Nov 13 Update - Max is out of the Hospital!

Hi Everyone. Since the last big update Max was able to leave the hospital Nov. 8! Hooray! He was very happy and so were we. Hannah was very happy to have everyone back in the house together again. She and Max immediately started fighting over toys. Ahh... back to something normal!

The biopsy on Max's tumor and bone marrow came back positive for Neuroblastoma, so the chemotherapy treatment started right away. (This is a treatable cancer.) His protocol (treatment schedule) is a 21 day cycle: 3 days of chemo, 18 days off, then start again. The 21 day cycle is the ideal schedule, but cannot be followed if Max is sick, has low blood counts, or has any sort of infection. We have to be flexible! During March/April Max will be admitted to the hospital for 45-60 days for a radiation treatment and stem cell replacement. Chemo will pick up again following that and will continue through Dec 2005. Hopefully Max's cancer will then be GONE!

Max responded well to the chemo and had no visible side effects. They are very proactive with anti-nausea meds. They seemed to work! Max ended up staying in the hospital a few days following the chemo because the pain the cancer was causing in his neck, back and legs was so great he literally could not move for over 36 hours. The pain team was working as fast as they could to keep up with the elevating pain, but it just took off. They ended up putting him on a morphine drip and finally got him to a point of comfort where he could roll over in the bed, then move about freely. A few days after the chemo completed his pain started going down (as the chemo stopped the cancer from growing and started shrinking it). Whew. He's now taking tylenol w/codine as needed.

We're finding that being out of the hospital is great - but much busier than we even expected. Every day we flush the tubes on Max's Hickman port (which is the catheter that was installed in his chest). Once per week we have to change the valves on his Hickman and the chest dressing. Mon-Tue-Wed he has to take a special medicine. For ten days following each chemo we (Andy & I) have to give Max an actual injection (shot) in the leg (this is not fun for any of us as you can guess). Twice per week Max visits the Clinic to get his blood counts and sometimes see the doctor. Thursday was our first clinic day. I figured we'd be out of there in 2-3 hours maximum. Wrong. Max's blood counts were really low and he needed a blood transfusion. We were there 8-1/2 hours. We were warned that this can happen! (be flexible) Max got through it just fine. Gee... when our next visit only lasts 5 hours I'm going to be thrilled!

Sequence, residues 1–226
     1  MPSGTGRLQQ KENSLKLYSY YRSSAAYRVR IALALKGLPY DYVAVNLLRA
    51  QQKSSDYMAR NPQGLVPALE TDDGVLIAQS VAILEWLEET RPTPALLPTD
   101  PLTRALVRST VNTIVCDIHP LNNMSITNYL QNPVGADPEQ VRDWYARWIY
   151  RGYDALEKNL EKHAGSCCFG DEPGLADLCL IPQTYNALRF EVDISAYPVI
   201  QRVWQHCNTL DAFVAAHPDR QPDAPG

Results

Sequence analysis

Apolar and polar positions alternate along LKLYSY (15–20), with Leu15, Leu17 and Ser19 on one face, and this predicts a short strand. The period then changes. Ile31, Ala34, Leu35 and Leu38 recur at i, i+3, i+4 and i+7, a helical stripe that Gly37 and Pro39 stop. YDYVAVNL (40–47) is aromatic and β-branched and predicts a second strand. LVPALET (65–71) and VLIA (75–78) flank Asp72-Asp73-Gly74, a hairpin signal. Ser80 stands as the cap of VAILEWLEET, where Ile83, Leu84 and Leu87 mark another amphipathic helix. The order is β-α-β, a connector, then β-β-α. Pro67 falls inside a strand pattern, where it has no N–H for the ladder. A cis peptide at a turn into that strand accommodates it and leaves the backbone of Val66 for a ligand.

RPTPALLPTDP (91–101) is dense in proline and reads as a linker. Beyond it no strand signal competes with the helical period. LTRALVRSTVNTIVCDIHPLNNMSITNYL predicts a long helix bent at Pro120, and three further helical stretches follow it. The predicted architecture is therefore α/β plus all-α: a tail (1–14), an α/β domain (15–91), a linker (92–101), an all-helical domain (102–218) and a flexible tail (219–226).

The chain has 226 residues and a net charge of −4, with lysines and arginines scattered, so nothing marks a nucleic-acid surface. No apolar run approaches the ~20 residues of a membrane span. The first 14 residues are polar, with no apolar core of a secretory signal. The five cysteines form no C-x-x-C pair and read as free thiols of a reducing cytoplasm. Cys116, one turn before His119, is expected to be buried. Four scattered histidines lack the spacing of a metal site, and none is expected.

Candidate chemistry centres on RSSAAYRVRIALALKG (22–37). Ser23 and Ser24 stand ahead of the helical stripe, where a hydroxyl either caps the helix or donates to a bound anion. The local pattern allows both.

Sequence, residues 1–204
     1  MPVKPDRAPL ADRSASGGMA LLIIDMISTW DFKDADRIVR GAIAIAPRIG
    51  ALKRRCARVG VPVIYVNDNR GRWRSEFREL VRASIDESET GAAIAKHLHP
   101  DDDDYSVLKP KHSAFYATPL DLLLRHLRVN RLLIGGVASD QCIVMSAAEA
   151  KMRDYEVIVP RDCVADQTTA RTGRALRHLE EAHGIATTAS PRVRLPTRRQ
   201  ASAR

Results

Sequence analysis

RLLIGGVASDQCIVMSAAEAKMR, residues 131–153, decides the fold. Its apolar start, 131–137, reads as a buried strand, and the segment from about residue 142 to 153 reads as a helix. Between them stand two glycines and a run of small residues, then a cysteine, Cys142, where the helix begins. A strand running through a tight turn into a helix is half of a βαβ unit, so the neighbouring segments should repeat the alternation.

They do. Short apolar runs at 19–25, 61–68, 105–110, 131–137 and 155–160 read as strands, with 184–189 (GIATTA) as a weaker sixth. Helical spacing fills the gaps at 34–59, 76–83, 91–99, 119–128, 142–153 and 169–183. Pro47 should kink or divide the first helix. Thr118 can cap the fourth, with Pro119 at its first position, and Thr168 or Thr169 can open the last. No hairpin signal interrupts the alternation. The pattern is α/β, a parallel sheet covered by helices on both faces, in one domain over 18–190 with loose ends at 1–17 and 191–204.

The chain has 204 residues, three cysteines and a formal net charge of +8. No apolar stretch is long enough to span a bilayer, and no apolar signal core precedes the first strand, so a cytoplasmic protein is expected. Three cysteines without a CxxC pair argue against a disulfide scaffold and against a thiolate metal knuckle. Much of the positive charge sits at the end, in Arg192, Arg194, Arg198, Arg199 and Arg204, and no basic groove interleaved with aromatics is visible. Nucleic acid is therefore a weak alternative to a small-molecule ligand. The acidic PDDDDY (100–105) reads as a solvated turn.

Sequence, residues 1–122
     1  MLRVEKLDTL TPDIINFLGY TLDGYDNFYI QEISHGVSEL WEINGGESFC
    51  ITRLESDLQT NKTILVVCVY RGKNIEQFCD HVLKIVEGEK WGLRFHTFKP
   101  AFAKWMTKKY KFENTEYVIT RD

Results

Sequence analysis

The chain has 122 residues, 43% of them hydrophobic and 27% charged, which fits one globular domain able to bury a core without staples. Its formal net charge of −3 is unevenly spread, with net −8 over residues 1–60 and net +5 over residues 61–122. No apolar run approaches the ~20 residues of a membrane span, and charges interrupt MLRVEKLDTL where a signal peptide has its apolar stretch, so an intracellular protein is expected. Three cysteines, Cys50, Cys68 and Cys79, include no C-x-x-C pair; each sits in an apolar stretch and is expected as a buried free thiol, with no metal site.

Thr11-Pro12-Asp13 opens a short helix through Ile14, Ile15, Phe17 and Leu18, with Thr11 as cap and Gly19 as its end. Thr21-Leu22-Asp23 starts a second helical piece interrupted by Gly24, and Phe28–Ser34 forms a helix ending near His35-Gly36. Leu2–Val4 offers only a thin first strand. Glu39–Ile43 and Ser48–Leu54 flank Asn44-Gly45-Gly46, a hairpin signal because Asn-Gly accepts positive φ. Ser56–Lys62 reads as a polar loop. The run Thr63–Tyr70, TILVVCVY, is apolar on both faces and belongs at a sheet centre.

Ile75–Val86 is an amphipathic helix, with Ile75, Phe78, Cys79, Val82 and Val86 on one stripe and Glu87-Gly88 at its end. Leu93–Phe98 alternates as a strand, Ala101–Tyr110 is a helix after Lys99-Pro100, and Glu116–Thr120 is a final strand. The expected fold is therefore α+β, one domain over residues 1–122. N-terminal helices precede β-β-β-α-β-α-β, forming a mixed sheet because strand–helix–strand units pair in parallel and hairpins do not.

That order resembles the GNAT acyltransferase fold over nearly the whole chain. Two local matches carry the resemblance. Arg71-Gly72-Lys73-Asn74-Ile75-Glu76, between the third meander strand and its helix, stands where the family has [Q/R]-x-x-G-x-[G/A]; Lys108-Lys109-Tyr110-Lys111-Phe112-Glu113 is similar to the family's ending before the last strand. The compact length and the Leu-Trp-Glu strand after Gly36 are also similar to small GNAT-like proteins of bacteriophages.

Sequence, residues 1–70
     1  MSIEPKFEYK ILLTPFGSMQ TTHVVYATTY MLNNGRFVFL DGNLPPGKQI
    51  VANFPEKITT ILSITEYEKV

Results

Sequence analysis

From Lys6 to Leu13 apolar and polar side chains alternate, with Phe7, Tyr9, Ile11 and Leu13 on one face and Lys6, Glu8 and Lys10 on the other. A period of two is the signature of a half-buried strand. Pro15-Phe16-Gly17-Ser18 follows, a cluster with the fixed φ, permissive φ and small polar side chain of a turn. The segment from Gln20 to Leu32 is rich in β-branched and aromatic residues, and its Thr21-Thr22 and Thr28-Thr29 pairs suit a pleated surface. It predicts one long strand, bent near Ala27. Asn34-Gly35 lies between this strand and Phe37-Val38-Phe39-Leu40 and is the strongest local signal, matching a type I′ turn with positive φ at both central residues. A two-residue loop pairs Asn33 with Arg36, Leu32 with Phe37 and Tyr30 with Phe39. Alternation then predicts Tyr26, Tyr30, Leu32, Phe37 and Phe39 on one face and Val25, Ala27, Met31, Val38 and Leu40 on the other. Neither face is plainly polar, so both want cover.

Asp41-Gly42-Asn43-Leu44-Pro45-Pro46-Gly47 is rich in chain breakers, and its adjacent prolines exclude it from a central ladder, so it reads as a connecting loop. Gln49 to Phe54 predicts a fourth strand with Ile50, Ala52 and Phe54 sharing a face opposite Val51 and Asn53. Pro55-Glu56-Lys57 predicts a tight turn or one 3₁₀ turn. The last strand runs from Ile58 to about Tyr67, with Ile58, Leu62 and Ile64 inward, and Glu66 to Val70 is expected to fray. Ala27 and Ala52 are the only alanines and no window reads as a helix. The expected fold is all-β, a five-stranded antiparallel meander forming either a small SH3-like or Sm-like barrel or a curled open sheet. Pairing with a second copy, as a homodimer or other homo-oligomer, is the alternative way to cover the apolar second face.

Coming up this month: Max is going to be injected with some kind of radiation on Monday. Tues and Weds he'll have bonescans. Kind of like xrays, but Max's bones will transmit the rays to the machine. Any cancerous spots in his bones will be highlighted.

Next Chemotherapy: Wed-Thu-Fri of Thanksgiving week! Yes, we'll be in the hospital for the holiday (as long as his blood counts and everything else is a-ok). Small price to pay, really.

How are we doing? I know that's the question on everyone's lips. We're doing fine... as fine as any family can be when faced with a life threatening disease. I've told this to a few of my friends, but I'd like to share it with everyone: when you think about something like this happening to your child your mind plays the "what if?" game over and over, and you go through all kinds of scenarios and make yourself crazy. But now that I'm that mom with the child who has cancer, I've found that instead of doing "what if?" I think my mind has made this into almost a business plan. There are a series of things that have to be done in order to get Max cancer free. And that is the goal and the primary focus. There is no time for "what if?" and there's no place for it. It's as simple as that.

Thank you for your love, support and prayers. It's all working.


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